The Saxons were a Germanic people whose name was given in the early Middle Ages to a large country near the North Sea coast of what is now Germany.
The Saxons were pagans when they came to Britain. They worshiped gods of nature and held springs, wells, rocks, and trees in reverence. Religion was not a source of spiritual revelation, it was a means of ensuring success in material things. For example, you might pray to a particular goddess for a successful harvest, or for victory in battle. A few of the main Anglo-Saxon gods were Tiw, Wodin (Odin), Thor, and Friya, whose names are remembered in our days of the week Tuesday, Wednesday, Thursday, and Friday.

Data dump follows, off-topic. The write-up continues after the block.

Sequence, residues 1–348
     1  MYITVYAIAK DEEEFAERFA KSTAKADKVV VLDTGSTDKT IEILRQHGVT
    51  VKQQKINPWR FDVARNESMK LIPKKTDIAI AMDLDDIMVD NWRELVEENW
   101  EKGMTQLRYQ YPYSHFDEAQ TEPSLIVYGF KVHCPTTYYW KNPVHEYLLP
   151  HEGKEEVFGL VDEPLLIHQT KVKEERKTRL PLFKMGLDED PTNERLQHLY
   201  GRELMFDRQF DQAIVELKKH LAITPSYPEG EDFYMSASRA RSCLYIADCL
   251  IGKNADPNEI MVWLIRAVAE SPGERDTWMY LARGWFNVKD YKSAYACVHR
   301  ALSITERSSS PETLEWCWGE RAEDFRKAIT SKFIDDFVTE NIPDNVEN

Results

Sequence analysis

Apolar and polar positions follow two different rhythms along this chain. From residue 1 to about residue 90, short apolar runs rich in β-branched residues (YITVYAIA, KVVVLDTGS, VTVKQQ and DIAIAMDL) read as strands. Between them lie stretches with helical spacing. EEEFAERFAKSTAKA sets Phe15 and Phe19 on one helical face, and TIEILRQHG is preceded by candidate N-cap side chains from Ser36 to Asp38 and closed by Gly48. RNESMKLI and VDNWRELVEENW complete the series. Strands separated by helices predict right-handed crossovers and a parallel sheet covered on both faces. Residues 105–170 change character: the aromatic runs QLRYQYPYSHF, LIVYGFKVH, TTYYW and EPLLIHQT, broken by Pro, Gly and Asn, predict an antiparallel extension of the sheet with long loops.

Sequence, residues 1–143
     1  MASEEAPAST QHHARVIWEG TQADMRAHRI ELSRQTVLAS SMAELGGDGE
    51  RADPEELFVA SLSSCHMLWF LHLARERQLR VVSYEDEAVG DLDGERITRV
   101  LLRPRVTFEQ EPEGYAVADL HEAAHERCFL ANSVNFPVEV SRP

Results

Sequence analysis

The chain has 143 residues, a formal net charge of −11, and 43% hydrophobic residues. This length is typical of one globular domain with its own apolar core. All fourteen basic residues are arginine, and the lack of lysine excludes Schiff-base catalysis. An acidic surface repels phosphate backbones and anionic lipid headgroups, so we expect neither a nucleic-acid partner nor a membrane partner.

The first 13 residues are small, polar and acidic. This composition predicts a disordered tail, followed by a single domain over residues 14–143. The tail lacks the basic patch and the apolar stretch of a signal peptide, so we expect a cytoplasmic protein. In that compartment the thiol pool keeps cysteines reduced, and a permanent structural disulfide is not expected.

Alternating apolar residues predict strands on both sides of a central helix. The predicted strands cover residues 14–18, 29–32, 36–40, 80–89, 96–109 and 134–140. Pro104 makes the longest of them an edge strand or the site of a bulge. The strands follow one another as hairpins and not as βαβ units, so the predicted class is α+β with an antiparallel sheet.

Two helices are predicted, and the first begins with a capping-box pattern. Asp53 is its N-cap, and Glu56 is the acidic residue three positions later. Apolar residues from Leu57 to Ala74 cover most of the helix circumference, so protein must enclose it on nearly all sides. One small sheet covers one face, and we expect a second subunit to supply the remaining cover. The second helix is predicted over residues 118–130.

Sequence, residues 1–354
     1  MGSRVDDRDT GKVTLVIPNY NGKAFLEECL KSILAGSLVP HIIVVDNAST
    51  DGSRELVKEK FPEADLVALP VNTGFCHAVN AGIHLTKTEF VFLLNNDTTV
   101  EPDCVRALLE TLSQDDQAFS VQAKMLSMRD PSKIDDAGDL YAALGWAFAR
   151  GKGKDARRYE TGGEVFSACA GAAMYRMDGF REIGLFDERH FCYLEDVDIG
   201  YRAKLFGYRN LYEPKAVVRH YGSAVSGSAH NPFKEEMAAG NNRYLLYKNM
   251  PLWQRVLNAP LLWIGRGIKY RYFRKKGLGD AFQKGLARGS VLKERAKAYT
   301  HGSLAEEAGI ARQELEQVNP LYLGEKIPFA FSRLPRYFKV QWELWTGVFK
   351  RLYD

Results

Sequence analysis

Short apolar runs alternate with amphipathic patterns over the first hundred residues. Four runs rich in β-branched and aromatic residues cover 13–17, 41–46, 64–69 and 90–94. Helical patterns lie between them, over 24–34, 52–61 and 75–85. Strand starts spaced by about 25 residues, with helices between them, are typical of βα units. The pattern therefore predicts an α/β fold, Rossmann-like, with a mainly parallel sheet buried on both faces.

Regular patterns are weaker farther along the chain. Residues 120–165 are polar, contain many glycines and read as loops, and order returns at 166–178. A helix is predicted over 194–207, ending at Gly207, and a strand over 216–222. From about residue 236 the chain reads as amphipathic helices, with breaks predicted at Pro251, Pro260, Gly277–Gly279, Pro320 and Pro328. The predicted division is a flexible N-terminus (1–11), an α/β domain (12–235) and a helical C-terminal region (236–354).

The robe or tunic gathered at the waist was the common garment for a man, completed by hose and soft shoes. For a woman the robe or dress extended to the feet. The usual materials were linen and woolens, the more expensive outfits being marked by colorful dyes and exotic borders. Brooches were used to fasten clothing by rich and poor, and amulets of stones were worn for luck.
The Saxons diets consisted mainly of bread, ale, cheese, and pork. Though they also used a lot of honey, herbs, spices, and vegetables.